Erik Lukens
The Bulletin

Is Eugene one of the nation’s hate-crime capitals?

Don’t count on it. But that’s one message contained in a shoddy report sent to newsrooms around the country and, unfortunately, latched onto by credulous reporters at even respectable organizations.

Thus did The Seattle Times write on Tuesday that Eugene is among the five cities with the steepest increases in reported hate crimes from 2013 to 2017, the others being Phoenix, Seattle, Cincinnati and Philadelphia. Seattle’s presence on this list explains the Times’ interest, as does the report’s finding that Washington’s spike in reported hate crimes over the same period was steeper than those in all but a handful of states.

Similar stories on other news sites reported their respective states’ and cities’ rankings on the list. Even The Oregonian got into the act Friday. In doing so, news organizations have implicitly encouraged readers to wring their hands and — who knows? — maybe even buy a home-security system. The report, you see, was conducted by an organization called that researches home-security systems and has a financial interest in drawing users to its website.

The problem isn’t that the report’s numbers, which come from the FBI’s Uniform Crime Reporting Program, are inaccurate. They’re not. The problem, rather, is that the numbers are used in a way the FBI explicitly discourages. And for good reason.

It takes real effort to visit the FBI’s hate-crime statistics page and miss a prominent three-word warning: “Caution Against Ranking.” Turning UCR hate-crime statistics into rankings has “often created misleading perceptions which adversely affect geographic entities and their residents,” the FBI explains. Among the factors that vary among states and cities are “administrative and investigative emphasis on law enforcement,” “citizens’ attitudes toward crime” and “crime reporting practices of the citizenry.”

Put simply, because reporting and other factors vary dramatically, creating hate-crime rankings of cities and states is highly misleading. Yet that’s exactly what did.

Eugene does report a large number of hate crimes to the FBI. It does so, in large part, because the city prioritizes the collection and reporting of such information. To this end, Eugene conducts extensive outreach. It has even expanded what it considers a hate crime. As explained in the city’s 2018 Hate and Bias Report, in addition to “statutory reporting of state and federally classified hate crimes, the Eugene Police Department (EPD) tracks bias-related crimes motivated by perceived or actual age, economic status, social status, citizenship, martial status, or political affiliation or beliefs, and membership or activity in or on behalf of a labor organization or against a labor organization.”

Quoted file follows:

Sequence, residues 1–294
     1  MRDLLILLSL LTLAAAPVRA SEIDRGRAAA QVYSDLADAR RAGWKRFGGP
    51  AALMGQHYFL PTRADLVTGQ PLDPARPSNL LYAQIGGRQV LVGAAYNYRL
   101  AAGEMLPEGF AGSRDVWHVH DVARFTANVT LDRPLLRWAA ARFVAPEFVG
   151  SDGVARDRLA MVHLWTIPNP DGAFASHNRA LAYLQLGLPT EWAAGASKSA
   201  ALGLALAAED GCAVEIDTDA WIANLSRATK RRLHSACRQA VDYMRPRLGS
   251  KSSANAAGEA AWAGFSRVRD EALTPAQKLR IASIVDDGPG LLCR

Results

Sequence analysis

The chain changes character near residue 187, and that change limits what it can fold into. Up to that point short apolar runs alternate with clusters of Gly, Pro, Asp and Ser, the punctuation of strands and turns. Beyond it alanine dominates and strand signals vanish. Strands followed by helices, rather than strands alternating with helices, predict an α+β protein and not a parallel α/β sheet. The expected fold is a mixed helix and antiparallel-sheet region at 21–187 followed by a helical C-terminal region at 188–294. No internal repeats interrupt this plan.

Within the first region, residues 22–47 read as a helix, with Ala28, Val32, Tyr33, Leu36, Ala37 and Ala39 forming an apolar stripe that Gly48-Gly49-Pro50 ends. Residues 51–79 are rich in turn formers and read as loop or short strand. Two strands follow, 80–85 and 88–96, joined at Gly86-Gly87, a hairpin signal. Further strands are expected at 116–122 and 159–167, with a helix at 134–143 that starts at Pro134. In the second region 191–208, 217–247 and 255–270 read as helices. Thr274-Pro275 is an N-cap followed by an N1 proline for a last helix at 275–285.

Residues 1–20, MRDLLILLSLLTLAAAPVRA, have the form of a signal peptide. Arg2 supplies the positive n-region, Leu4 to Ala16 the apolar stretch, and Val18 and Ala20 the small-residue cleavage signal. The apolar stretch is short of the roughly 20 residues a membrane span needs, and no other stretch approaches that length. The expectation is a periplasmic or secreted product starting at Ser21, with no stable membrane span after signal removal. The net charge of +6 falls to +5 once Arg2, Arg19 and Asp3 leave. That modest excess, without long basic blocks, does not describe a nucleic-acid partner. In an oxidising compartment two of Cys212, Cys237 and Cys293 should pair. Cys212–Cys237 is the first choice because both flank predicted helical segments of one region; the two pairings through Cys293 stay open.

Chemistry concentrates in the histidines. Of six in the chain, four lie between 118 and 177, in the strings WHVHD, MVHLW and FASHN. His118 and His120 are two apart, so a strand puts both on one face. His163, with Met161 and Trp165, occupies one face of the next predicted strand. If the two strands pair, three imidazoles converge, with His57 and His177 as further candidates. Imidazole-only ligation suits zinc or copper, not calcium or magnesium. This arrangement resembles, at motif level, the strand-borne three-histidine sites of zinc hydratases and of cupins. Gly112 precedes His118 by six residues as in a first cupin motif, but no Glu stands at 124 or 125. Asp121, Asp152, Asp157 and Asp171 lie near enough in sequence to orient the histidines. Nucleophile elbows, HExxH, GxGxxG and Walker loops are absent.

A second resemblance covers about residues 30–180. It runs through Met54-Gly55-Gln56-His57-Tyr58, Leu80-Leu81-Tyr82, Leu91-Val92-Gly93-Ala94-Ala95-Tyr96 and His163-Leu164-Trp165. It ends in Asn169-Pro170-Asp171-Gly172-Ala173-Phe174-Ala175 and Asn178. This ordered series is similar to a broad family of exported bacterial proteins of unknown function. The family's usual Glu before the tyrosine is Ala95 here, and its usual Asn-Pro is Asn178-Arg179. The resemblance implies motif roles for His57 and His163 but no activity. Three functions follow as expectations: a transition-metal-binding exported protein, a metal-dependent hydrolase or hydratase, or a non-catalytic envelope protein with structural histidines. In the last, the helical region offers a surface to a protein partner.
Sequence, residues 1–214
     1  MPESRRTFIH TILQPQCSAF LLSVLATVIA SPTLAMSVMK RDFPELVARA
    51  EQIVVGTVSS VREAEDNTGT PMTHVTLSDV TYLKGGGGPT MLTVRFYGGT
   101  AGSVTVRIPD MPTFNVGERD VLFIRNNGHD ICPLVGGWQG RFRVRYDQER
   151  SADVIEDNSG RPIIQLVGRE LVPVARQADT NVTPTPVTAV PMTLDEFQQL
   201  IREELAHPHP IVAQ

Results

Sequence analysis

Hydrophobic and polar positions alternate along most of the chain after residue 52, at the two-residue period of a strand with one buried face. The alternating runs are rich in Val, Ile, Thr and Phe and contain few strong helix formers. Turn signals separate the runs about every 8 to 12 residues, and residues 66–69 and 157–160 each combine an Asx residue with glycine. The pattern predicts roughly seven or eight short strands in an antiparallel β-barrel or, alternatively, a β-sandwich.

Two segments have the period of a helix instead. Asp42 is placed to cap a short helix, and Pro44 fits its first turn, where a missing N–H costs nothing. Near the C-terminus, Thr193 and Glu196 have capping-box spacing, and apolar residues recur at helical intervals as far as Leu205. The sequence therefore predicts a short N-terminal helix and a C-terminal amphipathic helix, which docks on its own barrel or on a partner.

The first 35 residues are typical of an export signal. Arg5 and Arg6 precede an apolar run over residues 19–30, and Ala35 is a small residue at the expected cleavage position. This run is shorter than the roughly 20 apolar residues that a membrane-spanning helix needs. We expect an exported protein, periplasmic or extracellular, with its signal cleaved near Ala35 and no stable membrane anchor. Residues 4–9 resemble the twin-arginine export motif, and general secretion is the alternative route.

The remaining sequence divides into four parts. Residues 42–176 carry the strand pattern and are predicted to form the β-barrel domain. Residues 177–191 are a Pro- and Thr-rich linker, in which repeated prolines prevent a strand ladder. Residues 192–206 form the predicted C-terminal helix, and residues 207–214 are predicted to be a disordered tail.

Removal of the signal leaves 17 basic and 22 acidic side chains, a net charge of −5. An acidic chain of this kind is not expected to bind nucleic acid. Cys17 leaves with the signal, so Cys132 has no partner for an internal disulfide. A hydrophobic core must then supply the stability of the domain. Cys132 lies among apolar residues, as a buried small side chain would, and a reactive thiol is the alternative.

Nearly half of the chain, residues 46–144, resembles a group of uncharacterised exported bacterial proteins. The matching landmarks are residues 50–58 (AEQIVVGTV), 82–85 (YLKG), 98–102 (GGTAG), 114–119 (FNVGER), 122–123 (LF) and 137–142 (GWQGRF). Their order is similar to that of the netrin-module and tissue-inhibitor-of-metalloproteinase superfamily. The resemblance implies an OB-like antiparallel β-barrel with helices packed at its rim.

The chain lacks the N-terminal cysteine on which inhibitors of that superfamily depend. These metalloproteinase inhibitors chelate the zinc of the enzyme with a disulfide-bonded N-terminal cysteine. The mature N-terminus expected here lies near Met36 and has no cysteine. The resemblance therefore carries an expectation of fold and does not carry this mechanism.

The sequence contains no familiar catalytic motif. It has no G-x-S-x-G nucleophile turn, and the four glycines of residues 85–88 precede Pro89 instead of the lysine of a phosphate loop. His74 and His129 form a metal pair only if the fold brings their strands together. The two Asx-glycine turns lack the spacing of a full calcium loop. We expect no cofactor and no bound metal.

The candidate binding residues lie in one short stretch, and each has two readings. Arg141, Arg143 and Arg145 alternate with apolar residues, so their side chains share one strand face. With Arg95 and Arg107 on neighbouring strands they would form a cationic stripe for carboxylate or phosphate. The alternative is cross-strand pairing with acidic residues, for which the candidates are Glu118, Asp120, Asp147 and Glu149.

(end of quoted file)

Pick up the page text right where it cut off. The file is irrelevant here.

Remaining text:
A city that focuses with such intensity upon hate crimes inevitably will report a larger number than cities that focus less intensely upon the problem.

Consider some numbers. Eugene, population 168,310, reported 72 hate crimes in 2017 while Salem, population 169,565, reported five. The state’s largest city, Portland, population 649,408, reported only 18.

Many jurisdictions in Oregon, meanwhile, reported no hate crimes, according to the FBI, including Medford, Bend, Redmond and Prineville.

The number of hate crimes Eugene reported exceeds those reported by such huge Texas cities as Dallas (14) and Houston (eight) and many entire states, including Alabama (nine), Georgia (27), Idaho (53), Indiana (55), Nevada (five) and Wisconsin (46).

Categorizing hate crimes isn’t easy, the FBI warns in its data collection users manual, “due to the difficulty of ascertaining the offender’s subjective motivation.” Even so, the numbers indicate some jurisdictions are far more determined to collect and report information than others. Unless, that is, you believe that Eugene really did experience nine times as many hate crimes in 2017 as Houston, a city with nearly 14 times as many people.

Those who wrote the report do, at least, have the good sense to seem sheepish about what they’ve done. The report acknowledges that “the scope and shape of bias-motivated crimes … are foggy at best,” in part because “many law enforcement agencies do not report to federal authorities details on hate crimes reported to police.”

No sooner does the report acknowledge the problems with the underlying data, however, than it commits the very sin the FBI, citing problematic data, warns against: It produces rankings and singles out cities like Eugene, which thus look terrible in large part because they’re trying so hard to do the right thing.

Many reporters, meanwhile, are made aware of work like’s by PR agencies that send highlight-laden emails tailored to their news organizations’ coverage areas. The Bulletin received an email touting the report from RN Public Relations Group, a New York firm that began its pitch by practically shouting, “A new study shows Oregon ranks No. 6 seeing the biggest rise in hate crimes at 125% between 2013-2017.” Naturally, it included the top-five list featuring Eugene.

It’s a game of journalistic telephone, with dire warnings about data limitations weakening and ultimately disappearing during the trip from FBI to PR firm. Somebody, it seems, assumes reporters won’t take the trouble to trace the data to its source or even to question the motivations of the company that compiled the report. That somebody inevitably is right some of the time. And as a result, news organizations credulously pass along highly misleading information, and well-intended cities like Eugene suffer unearned embarrassment.

Criticize savvy businesses like and their PR-firm hucksters if you’d like. But the real problem is those of us in the news business who lend their work credibility and, in doing so, erode our own.

— Erik Lukens is editor of The Bulletin.